Florida Elementary School Pulls Amanda Gorman’s 2021 Inaugural Poem After Parent Complains
A parent filed a formal complaint in March, writing that it was "not educational and have indirectly [sic] hate messages."
The poet who gained national attention after famously reciting her piece "The Hill We Climb" at President Joe Biden’s 2021 inauguration spoke out on social media Tuesday, after reports that a Florida school had banned elementary students from reading her poem.
"I wrote "The Hill We Climb" so that all young people could see themselves in a historical moment," Amanda Gorman, 25, wrote in an Instagram post. "Robbing children of the chance to find their voices in literature is a violation of their right to free thought and free speech."
Gorman first recited the poem at Biden’s inauguration, and it was later published in book format. The book was removed from an elementary school in Miami-Dade County, after a parent filed a formal complaint in March, writing that it was "not educational and have indirectly [sic] hate messages," per documents released by the Florida Freedom to Read Project. The parent also misidentified the poem’s author as Oprah Winfrey in their complaint.
"The Hill We Climb" is one of several books the same parent filed a complaint against. Per Politico, the parent also objected to "The ABCs of Black History," "Cuban Kids," "Countries in the News: Cuba," and "Love to Langston."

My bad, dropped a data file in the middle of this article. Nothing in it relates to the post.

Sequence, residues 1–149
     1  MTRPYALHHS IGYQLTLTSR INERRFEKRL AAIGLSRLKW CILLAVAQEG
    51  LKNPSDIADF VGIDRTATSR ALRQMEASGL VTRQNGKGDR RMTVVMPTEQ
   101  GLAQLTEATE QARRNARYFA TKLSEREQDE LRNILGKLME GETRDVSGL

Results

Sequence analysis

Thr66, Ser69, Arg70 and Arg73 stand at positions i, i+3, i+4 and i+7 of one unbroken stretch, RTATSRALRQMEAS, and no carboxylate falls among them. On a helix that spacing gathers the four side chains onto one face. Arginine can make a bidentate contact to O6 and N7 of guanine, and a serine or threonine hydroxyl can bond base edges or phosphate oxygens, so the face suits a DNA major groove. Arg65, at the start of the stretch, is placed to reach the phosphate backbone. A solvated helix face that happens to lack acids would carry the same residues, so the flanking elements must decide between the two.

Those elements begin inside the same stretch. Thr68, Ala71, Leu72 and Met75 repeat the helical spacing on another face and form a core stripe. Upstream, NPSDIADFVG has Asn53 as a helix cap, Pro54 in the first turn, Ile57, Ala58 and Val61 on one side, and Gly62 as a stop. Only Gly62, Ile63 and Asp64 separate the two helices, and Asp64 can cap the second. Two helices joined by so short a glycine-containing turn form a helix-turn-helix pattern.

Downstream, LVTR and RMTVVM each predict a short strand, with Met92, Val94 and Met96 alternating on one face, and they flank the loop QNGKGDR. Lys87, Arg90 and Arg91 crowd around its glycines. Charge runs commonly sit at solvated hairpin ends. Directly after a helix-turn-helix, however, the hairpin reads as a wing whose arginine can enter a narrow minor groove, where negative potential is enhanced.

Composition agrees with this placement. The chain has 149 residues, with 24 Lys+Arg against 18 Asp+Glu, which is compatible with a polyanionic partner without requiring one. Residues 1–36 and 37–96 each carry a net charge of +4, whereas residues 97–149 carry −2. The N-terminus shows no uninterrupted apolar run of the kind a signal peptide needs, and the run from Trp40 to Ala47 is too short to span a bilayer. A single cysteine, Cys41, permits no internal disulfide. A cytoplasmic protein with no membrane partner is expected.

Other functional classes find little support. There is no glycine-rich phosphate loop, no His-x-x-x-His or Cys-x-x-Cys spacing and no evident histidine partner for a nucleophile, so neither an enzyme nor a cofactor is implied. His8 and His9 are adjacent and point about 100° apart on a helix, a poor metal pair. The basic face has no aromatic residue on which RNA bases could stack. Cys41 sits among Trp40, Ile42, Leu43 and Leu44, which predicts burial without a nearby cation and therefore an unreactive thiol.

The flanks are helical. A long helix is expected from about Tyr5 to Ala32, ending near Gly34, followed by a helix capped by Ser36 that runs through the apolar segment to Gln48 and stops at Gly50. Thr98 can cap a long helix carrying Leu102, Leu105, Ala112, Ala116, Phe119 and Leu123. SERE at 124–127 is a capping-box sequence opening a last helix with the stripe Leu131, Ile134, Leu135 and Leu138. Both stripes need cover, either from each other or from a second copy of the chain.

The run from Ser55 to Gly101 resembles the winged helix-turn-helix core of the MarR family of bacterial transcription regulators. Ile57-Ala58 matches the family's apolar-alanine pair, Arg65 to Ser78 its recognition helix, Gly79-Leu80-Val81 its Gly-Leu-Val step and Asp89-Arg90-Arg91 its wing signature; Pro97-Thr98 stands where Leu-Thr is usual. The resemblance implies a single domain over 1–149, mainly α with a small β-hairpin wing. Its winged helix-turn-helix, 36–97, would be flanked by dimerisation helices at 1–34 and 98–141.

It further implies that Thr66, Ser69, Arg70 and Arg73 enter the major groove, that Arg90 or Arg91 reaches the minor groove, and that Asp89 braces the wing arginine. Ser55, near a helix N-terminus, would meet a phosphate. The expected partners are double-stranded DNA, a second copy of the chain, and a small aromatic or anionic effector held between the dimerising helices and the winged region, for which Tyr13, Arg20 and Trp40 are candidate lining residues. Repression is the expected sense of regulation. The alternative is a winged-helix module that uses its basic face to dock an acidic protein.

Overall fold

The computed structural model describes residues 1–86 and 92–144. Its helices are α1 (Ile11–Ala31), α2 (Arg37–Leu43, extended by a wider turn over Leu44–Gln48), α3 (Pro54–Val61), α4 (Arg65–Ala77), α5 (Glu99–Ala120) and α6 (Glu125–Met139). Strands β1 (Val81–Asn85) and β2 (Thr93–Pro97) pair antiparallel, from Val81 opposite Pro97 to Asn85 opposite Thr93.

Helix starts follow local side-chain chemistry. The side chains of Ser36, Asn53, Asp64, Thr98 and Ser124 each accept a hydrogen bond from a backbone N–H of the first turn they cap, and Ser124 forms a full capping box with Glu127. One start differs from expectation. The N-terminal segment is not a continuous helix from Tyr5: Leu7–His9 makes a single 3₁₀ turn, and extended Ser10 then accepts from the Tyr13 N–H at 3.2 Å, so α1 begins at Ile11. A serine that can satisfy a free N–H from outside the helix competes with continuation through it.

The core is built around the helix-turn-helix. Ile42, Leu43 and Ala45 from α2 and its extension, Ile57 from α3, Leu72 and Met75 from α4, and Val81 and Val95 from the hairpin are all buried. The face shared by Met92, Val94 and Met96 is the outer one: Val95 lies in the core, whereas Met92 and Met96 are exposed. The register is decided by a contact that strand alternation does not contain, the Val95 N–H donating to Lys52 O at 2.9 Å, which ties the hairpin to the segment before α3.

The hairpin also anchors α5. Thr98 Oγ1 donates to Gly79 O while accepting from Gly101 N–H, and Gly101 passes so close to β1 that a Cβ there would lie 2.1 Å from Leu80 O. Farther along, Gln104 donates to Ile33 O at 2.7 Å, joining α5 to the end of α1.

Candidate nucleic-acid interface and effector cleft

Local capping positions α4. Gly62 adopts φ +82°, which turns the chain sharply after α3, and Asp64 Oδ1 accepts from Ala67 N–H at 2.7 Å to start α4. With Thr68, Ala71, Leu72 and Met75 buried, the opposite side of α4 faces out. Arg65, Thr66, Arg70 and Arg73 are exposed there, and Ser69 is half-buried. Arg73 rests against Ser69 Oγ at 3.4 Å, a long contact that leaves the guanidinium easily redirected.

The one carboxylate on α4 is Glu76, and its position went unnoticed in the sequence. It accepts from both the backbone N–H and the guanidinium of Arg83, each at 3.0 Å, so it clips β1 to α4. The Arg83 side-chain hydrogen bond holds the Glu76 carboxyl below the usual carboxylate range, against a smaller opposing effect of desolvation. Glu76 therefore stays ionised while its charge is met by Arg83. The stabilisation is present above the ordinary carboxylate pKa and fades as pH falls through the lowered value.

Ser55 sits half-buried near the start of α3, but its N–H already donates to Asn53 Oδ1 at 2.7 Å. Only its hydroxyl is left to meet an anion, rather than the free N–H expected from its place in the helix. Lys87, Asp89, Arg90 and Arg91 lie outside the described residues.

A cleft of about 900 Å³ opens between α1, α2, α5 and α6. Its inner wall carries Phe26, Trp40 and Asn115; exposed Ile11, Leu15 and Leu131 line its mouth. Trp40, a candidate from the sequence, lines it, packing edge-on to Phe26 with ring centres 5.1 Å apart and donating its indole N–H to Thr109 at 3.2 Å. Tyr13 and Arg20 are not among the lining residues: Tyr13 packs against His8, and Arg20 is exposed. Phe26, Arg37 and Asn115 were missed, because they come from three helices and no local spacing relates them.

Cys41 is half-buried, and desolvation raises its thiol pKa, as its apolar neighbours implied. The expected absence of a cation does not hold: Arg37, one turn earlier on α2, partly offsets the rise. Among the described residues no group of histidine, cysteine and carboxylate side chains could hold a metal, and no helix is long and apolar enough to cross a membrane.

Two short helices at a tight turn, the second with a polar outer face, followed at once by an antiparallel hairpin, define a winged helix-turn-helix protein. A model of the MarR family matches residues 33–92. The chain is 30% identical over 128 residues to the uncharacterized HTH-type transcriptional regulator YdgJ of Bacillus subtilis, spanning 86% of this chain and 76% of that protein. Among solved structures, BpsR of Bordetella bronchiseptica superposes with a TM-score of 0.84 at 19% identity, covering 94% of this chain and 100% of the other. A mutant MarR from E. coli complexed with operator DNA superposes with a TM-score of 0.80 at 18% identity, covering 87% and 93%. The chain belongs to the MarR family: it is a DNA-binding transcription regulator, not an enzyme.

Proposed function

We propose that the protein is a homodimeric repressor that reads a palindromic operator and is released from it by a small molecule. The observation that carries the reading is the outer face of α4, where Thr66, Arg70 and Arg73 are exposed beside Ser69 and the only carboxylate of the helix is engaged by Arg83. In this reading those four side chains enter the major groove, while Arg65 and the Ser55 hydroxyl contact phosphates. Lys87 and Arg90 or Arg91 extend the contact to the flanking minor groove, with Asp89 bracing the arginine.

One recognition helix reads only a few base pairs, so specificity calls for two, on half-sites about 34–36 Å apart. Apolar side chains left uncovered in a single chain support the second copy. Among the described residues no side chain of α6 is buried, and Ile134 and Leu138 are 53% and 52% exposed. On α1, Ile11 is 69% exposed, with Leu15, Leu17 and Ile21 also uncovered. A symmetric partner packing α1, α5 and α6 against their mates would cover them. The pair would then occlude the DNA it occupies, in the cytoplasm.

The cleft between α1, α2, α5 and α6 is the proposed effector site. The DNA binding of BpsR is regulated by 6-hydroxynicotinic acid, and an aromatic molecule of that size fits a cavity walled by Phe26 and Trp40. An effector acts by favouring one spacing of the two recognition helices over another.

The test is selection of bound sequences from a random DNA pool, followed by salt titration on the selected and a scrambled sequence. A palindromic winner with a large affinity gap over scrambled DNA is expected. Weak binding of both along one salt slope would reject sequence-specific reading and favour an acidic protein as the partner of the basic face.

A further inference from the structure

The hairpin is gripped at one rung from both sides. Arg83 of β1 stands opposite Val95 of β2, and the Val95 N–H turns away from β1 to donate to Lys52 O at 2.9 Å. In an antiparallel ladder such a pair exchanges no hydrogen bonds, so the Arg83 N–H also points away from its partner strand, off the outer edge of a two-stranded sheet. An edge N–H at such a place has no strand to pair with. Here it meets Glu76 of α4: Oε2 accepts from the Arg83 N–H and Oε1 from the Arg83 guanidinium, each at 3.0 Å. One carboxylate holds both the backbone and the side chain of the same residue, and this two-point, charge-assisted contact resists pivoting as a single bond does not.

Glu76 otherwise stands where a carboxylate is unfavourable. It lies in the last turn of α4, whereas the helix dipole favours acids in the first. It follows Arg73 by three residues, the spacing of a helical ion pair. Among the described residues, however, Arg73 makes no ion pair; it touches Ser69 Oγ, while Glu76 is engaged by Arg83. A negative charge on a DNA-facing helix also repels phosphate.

Gorman’s publisher, Penguin Random House, has already joined the nonprofit PEN America in a lawsuit that challenges book bans. According to the organization, Florida has one of the highest rates of book removals and restrictions in the country. Gorman wrote about the ongoing effort, saying, "together, this is a hill we won’t just climb, but a hill we will conquer."
A spokesperson for Miami-Dade schools pushed back to Axios about Gorman’s poem having been banned, instead indicating that the district had reconsidered its age-appropriateness. "It was determined at the school that "The Hill We Climb" is better suited for middle school students and, it was shelved in the middle school section of the media center," spokesperson Elmo R. Lugo said, via Axios. "The book remains available in the media center."